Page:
What to Know About Landlord Tenant Law and Disputes
In a perfect world, the tenant/landlord relationship would always progress smoothly, with the landlord providing a quality place for the tenant to live at a reasonable price, and the tenant always paying rent on time and taking excellent care of the property. Unfortunately, it doesn’t always work that way.
In this post, we’ll share insights into four types of common landlord tenant disputes that often erupt, and how you can respond. Keep in mind that you should consult an attorney for specific advice for your individual situation.
The foundation of the landlord tenant relationship is the lease or rental agreement. Landlords are required to create agreements that follow landlord tenant laws according to state law, and you can find specifics about your state at the United States Department of Housing and Urban Development (HUD). You’ll have to do a bit of clicking to get to where you need to go, but here’s an example of what HUD provides, for example, on the subject of Local Tenant Rights, Laws, and Protections: Florida.
If you have questions about a lease, get clarification about them before you sign. Although it’s understandable to want to get the lease signed quickly to get yourself moved in as soon as possible, when you start with an agreement that’s shaky, you may be setting yourself up for potential problems later on.
If you’re unclear about language found in the lease agreement, it may make sense to consult with an attorney experienced in landlord tenant law in your state.
Although state laws vary, in general, landlords are required to provide tenants with premises that are safe. To use New York as an example, landlords owe tenants a “warranty of habitability,” and you have this right whether your lease states this outright or not, and your landlord cannot cause you to sign away this right. The place where you live must be safe, clean, and livable, and so do any public areas of your building. This could mean, for example, that paint in the public lobby must be free of lead and the premises must be reasonably secured to help protect tenants against criminal acts.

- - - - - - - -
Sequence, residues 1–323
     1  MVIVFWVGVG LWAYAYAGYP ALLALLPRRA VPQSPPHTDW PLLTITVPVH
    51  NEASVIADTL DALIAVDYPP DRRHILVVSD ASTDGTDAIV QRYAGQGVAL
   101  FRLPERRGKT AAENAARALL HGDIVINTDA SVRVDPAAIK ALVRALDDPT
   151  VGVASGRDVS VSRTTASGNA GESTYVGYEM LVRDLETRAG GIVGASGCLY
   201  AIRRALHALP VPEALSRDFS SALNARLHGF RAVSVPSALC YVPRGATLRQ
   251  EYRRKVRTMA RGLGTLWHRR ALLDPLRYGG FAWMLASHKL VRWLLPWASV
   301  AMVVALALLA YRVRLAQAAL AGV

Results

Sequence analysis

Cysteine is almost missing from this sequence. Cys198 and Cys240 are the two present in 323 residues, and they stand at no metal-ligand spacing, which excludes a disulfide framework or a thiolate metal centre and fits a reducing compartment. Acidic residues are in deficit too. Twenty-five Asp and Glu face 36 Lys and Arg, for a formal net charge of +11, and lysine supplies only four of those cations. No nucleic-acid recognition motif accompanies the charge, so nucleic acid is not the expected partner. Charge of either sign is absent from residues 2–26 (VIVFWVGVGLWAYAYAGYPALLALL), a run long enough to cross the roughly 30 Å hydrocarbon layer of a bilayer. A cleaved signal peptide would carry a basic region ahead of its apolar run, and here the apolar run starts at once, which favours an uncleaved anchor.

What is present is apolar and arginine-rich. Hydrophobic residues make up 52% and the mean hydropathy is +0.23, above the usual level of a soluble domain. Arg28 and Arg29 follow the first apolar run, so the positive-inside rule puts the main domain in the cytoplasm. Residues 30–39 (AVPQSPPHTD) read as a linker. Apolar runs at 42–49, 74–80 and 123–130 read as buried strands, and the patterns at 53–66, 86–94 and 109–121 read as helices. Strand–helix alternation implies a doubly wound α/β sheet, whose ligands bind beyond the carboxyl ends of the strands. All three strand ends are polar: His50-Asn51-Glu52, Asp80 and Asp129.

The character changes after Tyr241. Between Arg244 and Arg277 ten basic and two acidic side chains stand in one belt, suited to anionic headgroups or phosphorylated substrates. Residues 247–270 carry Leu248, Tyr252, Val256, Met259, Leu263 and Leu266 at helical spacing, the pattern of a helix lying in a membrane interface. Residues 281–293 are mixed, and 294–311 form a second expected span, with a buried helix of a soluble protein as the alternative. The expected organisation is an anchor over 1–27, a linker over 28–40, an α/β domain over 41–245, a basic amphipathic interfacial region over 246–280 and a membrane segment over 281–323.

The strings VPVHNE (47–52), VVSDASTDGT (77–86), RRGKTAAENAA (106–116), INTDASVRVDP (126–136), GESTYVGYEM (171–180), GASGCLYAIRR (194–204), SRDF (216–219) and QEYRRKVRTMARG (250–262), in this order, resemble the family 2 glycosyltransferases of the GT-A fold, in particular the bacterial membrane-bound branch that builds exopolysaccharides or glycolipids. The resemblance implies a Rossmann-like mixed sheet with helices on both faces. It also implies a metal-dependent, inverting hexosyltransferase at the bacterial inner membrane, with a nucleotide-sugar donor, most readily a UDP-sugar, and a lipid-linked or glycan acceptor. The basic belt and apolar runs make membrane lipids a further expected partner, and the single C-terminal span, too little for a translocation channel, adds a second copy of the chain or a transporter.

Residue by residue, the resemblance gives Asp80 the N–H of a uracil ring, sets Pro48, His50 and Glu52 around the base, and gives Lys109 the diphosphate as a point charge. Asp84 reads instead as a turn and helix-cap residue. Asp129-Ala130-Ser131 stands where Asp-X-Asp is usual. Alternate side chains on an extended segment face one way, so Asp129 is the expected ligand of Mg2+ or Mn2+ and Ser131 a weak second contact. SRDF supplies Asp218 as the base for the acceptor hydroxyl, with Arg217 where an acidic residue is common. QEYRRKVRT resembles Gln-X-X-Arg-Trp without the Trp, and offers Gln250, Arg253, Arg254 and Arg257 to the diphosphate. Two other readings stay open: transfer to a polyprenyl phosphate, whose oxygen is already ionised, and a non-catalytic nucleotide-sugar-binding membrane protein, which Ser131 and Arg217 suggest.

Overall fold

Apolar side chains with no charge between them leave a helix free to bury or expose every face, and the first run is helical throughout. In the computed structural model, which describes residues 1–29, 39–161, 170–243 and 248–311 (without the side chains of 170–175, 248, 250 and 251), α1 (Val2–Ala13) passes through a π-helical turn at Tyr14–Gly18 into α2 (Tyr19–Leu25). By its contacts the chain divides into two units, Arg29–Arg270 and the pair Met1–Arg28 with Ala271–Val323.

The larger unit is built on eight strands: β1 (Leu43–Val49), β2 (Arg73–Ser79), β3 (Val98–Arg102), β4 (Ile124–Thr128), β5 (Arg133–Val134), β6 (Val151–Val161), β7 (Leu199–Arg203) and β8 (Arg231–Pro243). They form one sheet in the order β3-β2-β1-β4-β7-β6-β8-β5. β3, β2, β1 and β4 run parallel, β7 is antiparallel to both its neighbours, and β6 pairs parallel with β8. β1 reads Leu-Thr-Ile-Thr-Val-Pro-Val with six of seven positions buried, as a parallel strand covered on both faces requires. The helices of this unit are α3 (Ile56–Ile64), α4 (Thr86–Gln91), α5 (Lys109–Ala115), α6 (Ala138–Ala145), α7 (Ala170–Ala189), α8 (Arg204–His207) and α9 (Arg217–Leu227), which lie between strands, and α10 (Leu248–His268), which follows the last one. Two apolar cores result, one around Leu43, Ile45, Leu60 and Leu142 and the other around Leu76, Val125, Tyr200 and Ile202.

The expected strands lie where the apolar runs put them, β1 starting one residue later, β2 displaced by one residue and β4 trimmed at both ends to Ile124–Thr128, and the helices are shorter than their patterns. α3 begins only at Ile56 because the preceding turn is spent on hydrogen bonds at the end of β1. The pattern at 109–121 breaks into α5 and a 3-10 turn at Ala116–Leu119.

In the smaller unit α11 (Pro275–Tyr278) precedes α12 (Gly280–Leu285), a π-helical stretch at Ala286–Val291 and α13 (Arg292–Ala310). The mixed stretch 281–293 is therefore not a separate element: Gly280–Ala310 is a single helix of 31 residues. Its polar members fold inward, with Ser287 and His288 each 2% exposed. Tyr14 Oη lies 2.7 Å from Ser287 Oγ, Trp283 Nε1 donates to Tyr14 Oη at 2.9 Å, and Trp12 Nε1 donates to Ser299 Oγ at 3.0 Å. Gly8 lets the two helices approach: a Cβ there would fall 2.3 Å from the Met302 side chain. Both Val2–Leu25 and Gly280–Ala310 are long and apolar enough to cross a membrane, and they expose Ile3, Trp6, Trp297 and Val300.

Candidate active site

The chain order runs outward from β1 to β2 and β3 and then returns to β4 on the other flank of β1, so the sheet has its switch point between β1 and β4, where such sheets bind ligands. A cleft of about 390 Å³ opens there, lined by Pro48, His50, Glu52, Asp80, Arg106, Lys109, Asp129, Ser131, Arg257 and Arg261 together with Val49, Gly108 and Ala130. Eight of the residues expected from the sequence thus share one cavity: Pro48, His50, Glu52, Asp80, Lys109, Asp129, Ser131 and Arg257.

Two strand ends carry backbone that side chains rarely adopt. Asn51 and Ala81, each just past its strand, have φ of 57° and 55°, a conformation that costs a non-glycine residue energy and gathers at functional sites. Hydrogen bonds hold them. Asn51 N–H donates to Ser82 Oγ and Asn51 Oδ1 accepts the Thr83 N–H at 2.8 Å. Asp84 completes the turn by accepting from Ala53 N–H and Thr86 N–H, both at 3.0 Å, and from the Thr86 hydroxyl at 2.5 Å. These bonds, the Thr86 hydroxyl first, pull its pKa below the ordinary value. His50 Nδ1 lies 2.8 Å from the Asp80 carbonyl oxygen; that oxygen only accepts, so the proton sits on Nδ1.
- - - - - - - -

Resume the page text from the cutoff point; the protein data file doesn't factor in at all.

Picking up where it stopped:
If your landlord doesn’t provide safety measures to the legal degree required, then this is considered breach of contract, a violation of the habitability warranty. Examples of this include if you don’t have enough heat in your dwelling on a regular basis, or you don’t have steady access to hot water. Pest infestations, if not addressed, might be considered a violation. Although damage that you, as a tenant, create is your responsibility, those that aren’t caused by you must typically be fixed by your landlord.
If you believe that your landlord is not upholding appropriate standards for safety, give him or her a written report of the unsatisfactory conditions and keep a copy. Legal remedies including suing your landlord for a reduction in rent, and even to withhold rent until repairs are made; in turn, though, your landlord may start eviction proceedings if you don’t pay, which could turn into a messy situation in court.
Another option, if you and your landlord agree, would be for you to make the repairs, keep your receipts, and deduct those costs from your rent. If this is the route you take, get the agreement in writing and keep careful documentation.
If your apartment or rental home becomes uninhabitable, perhaps because of fire or water damage, you may be able to give three days’ notice to cancel your lease.
This area of landlord tenant law can become complicated. Again, it often makes sense to get legal guidance from an attorney well versed in the laws of your state if these types of situations arise.